We selected four important climate variables including mean annual precipitation (Pann), mean temperature of the warmest month (Mtwa), mean temperature of the coldest month (Mtco), and mean annual temperature (Tann), together with elevation (Elev) to investigate the relationship between pollen assemblages and the environment because these are important factors influencing the pollen distribution on the Tibetan Plateau (Lu et al., 2011; Cao et al., 2021; Wang et al., 2022). Modern climatic data were obtained from the Chinese Meteorological Forcing Dataset (CMFD; gridded near-surface meteorological dataset), and each sample is assigned to the nearest pixel of the CMFD using the fields package version 12.3 (Nychka et al., 2021) of R (version 4.0.3; R Core Team, 2021). The detailed processes of obtaining climatic data are presented in Fig. A1 (in the appendix).
3.2 Sediment sampling and radiocarbon dating
A 329 cm long sediment core (named GAH) was obtained using a UWITEC platform from the deepest part of Gahai Lake (ca. 2 m) in January 2019 (Fig. 1), and then transported to the Institute of the Tibetan Plateau Research for preservation. GAH was sub-sampled at 1 cm intervals, and all sub-samples were freeze-dried.
The age-depth model for GAH was established by 210Pb, 137Cs, and accelerator mass spectrometry (AMS) radiocarbon dating. The top 20 cm of the sediment was measured at 1 cm intervals for 210Pb and 137Cs at the School of Geographical Science, Nantong University. The constant rate of supply (CRS) model was selected to calculate the 210Pb dates and the results revealed that the 210Pb date of 1963 CE was mainly consistent with the 137Cs peak (1963 CE), indicating this model was suitable and obtained a good effect (Appleby, 2001). Finally, an age-depth model based on a 210Pb-CRS model corrected by the 137Cs peak was generated (Fig. 4a). Overall, 13 bulk organic sediment samples of 1 cm thickness were sent for AMS 14C dating by Beta Analytic Inc., USA, owing to a lack of macrofossils (Table 2). The age-depth model was established using the Bayesian age-depth modeling in the rbacon package (version 2.5.7; Blaauw and Christen 2011; Blaauw et al., 2021) in R (R Core Team, 2021) and the IntCal20 radiocarbon calibration curve (Reimer et al., 2020).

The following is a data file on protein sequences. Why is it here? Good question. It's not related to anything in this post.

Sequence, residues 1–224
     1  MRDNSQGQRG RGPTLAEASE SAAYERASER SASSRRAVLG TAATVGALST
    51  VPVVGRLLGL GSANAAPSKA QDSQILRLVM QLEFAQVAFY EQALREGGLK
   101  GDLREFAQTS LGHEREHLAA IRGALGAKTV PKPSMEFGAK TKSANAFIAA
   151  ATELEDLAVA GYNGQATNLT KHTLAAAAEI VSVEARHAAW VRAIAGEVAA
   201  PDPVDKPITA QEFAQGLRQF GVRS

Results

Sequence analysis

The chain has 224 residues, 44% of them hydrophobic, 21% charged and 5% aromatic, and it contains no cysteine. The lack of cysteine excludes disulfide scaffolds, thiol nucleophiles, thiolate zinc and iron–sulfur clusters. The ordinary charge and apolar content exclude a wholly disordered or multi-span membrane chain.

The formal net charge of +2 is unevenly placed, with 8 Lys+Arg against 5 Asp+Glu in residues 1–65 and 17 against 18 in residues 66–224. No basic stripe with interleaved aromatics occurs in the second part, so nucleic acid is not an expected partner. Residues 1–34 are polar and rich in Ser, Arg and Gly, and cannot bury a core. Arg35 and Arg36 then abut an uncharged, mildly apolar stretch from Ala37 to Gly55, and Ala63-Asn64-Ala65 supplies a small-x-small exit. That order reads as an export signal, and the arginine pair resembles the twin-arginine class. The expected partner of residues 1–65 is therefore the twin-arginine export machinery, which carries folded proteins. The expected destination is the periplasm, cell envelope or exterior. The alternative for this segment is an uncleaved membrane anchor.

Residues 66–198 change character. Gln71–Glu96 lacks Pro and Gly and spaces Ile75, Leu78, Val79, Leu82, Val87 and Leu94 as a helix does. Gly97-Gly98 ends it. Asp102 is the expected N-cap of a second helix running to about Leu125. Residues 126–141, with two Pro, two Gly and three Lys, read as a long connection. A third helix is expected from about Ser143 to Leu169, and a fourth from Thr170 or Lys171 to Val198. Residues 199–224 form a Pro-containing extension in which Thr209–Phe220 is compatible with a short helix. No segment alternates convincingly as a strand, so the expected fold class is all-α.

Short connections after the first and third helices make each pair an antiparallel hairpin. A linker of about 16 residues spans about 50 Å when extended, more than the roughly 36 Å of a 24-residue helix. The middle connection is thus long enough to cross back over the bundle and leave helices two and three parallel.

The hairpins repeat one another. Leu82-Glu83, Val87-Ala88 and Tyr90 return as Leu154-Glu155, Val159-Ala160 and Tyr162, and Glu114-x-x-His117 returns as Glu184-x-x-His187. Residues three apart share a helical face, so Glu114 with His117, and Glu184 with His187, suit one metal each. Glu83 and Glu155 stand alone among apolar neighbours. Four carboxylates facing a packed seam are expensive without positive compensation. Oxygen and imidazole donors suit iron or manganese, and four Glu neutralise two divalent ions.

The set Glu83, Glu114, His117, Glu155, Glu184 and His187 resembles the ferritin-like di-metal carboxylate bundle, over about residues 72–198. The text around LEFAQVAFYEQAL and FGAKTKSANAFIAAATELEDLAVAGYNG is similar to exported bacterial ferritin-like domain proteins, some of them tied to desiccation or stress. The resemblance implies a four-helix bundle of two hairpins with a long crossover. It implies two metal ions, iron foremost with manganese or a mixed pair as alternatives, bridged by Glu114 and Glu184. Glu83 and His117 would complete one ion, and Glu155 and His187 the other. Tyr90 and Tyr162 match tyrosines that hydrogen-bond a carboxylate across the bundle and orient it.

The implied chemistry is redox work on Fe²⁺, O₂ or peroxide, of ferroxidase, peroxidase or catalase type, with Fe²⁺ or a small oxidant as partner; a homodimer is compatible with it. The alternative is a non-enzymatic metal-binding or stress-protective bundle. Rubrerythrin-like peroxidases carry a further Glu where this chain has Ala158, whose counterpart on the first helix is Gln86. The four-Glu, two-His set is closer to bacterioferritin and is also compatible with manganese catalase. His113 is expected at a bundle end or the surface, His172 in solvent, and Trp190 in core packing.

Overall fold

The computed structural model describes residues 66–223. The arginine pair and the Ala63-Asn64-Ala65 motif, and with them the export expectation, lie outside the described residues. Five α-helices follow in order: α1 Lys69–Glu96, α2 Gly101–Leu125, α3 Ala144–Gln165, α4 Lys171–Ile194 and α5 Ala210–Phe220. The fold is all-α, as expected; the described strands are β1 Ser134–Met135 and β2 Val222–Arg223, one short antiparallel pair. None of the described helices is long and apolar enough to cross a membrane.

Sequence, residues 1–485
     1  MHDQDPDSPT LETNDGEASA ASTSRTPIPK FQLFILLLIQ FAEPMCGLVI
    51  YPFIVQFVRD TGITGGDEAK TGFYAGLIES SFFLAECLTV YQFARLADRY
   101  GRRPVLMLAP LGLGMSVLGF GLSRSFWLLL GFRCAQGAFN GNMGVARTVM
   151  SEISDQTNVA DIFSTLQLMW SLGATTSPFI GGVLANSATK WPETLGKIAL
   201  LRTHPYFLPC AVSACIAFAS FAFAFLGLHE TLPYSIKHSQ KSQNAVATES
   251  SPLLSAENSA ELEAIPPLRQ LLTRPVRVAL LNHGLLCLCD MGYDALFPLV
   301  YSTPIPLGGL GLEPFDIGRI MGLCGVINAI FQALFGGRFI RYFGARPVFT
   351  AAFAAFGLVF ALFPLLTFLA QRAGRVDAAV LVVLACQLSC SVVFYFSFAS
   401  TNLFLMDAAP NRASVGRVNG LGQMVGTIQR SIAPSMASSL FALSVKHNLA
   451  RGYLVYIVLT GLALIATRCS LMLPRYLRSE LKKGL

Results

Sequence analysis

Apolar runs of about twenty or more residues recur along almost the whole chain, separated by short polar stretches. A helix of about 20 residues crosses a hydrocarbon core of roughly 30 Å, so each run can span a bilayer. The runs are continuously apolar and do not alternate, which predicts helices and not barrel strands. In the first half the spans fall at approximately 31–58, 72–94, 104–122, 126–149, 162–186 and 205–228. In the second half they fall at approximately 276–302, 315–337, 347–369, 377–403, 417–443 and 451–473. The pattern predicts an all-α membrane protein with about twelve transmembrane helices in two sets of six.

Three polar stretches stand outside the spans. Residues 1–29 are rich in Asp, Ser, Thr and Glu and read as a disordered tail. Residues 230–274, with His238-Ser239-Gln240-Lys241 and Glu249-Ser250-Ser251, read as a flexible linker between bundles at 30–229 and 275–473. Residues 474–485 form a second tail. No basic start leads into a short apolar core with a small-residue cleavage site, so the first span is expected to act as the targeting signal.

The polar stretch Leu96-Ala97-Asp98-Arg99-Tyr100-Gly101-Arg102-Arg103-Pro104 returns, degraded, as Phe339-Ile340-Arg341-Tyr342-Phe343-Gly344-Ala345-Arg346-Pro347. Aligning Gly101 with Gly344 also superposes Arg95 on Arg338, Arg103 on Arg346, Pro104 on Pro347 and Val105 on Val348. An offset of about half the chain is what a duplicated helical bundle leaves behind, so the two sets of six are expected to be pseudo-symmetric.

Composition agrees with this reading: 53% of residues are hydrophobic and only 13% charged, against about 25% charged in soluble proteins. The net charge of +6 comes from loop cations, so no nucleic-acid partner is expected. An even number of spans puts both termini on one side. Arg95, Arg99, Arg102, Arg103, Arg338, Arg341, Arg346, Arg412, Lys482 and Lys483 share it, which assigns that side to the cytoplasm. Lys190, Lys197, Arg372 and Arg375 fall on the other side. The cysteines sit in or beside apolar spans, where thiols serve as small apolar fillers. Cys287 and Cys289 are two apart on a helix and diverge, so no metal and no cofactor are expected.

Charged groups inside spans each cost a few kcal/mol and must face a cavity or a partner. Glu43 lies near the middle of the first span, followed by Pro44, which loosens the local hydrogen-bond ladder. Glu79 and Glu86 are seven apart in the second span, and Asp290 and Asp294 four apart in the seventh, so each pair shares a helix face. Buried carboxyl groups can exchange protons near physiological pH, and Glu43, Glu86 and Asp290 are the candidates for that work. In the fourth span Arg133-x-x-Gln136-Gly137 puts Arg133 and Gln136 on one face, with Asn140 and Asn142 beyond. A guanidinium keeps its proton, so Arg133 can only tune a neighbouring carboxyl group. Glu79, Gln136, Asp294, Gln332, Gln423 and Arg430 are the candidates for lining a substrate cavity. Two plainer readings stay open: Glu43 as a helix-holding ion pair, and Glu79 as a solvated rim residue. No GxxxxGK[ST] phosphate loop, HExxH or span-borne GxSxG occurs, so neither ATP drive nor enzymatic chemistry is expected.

3.3 Laboratory analysis
The pollen samples (0.6–22 g; n=111; at 1–2 cm intervals) were treated with hydrofluoric acid sieving analysis (Fægri and Iversen, 1989). Lycopodium spores (ca. 27 560 grains) were added to the samples to calculate the pollen concentration, then samples were processed with 10 % HCl, 10 % KOH, and 36 % HF, and sieved through a 7 µm nylon mesh, followed by acetolysis (9:1 mixture of acetic anhydride and sulfuric acid) treatment. Finally, glycerin was added to preserve the samples. The pollen taxa were identified and counted with a 400× LEICA DM 2500 optical microscope, with the aid of modern pollen reference slides collected from the eastern and central Tibetan Plateau (including 401 common species of alpine meadows; Cao et al., 2020) and published atlases for pollen and spores (Wang et al., 1995; Tang et al., 2017). At least 100 terrestrial pollen grains were counted for most samples, except for 10 samples owing to extremely low pollen concentration and more than 3000 Lycopodium spores were counted for each sample which could reflect the palaeo-vegetation at that time. Because of the low pollen concentrations below the depth of 176 cm, only pollen data for the upper part of the core are presented and discussed.
For the grain size analysis, freeze-dried samples (1 g; n=176) were treated with 30 % H2O2 to remove organic matter and 10 % HCl to remove carbonate, cleaned with deionized water and kept stable for 24 h, before adding 0.5 N sodium hexametaphosphate (10 mL) and undergoing ultrasonic cleaning for 10 min. A laser diffraction particle size analyser MASTERSIZER 3000 (Chen et al., 2013) was used, with each sample being tested 3 times and their average value used in the final grain size data.
A total of 176 samples were analysed to obtain organic matter change since the last deglaciation, including TN and TOC. Catalysts were added to freeze-dried samples and reacted quickly. The TN was measured with an Elementar element analyser (CNS analyser, Vario MAX Cube), which has a measurement accuracy of 0.001. The TOC was measured with a Vario MAX C analyser, and has the same accuracy as TN. All samples were ground to ensure sufficient reaction before testing. The ratio was calculated by dividing TOC by TN.
3.4 Numerical analyses